Investing in a greater diversity of founders and startups also includes breaking geographic bounds. According to a Pitchbook/NVCA report, 79 percent of venture capital is allocated to just three states in the U.S. in 2018: California, New York and Massachusetts, with the first of these accounting for over 48 percent. At the same time, Jason Rowley from Crunchbase reported that investments in startups based in regions such as the Midwest and South outperform those based on the coasts, where traditional tech hubs are located. For example, the median multiple on investment for Midwest-based startups is 5.17x compared to the Northeast where the median is only 3.89x.
The movement to deploy capital to a greater variety of innovators might be still inchoate, but the tide is likely to change rapidly as venture capital and private equity investors realize the economic potential that is knocking on their doors. While opportunity abounds, unlocking the economic opportunities from a group of founders that have been underserved is not without unique challenges, which we must recognize to deploy capital and human resources efficiently. Here’s how:
First, if we invest in tech entrepreneurs that do not fit the old Silicon Valley pattern, we might need to complement these founders’ unique experience and skills with a different set of knowledge and resources. At Beta Boom, we provide our startups with product and marketing coaches that work alongside them daily to improve their product and grow their customer base. We know that product design, marketing and growth hacking skill sets can be developed over time, but grit and outstanding domain expertise—the two qualities we prize in our founders—are irreplaceable.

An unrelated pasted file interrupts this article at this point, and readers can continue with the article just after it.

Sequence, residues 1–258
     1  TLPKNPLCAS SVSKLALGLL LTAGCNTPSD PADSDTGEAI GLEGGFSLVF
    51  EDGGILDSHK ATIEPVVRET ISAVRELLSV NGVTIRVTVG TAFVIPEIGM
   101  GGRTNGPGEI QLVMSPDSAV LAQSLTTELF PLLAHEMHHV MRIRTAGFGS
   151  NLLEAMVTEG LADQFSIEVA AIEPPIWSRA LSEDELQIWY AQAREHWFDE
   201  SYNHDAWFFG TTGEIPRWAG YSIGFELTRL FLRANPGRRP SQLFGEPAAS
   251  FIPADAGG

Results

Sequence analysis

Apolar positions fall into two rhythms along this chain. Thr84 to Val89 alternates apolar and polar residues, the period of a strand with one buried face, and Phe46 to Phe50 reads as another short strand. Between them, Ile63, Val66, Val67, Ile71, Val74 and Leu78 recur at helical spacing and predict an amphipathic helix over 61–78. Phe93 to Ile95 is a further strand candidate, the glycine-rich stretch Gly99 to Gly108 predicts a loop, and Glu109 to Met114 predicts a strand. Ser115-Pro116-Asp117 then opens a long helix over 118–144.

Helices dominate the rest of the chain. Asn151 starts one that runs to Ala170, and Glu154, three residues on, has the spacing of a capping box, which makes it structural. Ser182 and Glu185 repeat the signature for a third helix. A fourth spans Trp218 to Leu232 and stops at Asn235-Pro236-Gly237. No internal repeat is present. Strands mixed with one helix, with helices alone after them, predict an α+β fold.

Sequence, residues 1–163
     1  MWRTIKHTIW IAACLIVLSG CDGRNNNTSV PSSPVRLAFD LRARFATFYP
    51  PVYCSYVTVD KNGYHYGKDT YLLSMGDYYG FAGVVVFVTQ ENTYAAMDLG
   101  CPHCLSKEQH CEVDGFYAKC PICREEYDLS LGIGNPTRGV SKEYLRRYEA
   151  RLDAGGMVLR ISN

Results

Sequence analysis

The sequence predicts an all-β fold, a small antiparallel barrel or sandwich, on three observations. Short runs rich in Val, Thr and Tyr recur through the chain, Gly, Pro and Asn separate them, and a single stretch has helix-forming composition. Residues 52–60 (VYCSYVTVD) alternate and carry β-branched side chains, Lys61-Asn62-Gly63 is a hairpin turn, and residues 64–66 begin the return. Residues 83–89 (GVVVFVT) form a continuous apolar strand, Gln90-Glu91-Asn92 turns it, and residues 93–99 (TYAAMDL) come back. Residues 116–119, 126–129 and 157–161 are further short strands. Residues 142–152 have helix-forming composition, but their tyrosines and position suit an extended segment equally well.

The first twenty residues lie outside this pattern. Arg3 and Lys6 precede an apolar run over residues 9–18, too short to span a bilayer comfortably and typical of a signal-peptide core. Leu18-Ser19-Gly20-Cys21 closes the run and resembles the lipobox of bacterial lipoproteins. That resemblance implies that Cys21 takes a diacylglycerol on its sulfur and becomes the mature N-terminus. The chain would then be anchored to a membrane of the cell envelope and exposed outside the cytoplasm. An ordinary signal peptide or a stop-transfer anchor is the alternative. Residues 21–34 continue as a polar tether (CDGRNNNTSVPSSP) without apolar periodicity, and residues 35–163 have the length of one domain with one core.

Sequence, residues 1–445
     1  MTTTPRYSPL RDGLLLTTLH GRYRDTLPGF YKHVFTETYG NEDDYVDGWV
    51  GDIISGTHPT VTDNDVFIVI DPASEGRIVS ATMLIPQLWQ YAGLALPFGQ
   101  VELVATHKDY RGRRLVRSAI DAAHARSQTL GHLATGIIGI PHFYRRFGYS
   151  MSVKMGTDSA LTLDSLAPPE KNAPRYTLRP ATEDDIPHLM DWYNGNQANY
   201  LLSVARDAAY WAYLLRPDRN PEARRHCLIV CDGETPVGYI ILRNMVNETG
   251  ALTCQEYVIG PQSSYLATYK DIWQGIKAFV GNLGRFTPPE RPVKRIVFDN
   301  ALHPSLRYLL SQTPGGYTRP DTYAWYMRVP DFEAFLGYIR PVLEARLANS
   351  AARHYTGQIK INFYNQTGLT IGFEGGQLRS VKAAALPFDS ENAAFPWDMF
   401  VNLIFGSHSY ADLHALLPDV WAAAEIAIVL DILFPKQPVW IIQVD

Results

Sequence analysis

Second, a startup has a long journey before it provides a return for the founders, employees and investors through an acquisition or initial public offering. It’s very likely that everywhere along the journey underrepresented founders will face biases, including from later-stage investors and strategic partners and acquirers. Investors cannot rest on their laurels and instead, need to work hard to make connections for and champion their portfolio companies.
Third, beyond implicit (or explicit) biases, there are networking hurdles that underrepresented founders often face. The next generation of superstar tech founders might no run in the same social and professional circles as many investors and are thus less likely to find their way to the investors’ doorstep through warm introductions. Likewise, if we seek to broaden our geographic focus beyond traditional tech hubs such as Silicon Valley, New York and Boston, investors can’t require startup founders to fly for in-person meetings at the drop of a hat or move their entire team.
Venture capital firms such as Village Capital and Indie.VC are trying different investment and operational models to better unlock the opportunity that diverse founders present, and they are not alone. The number of firms, family offices and angel networks innovating and focusing on startups led by diverse founders is growing rapidly. The question is increasingly not whether diverse founders will produce market-rate returns but rather who will catalyze and capitalize on this growing movement and who will be late to the game.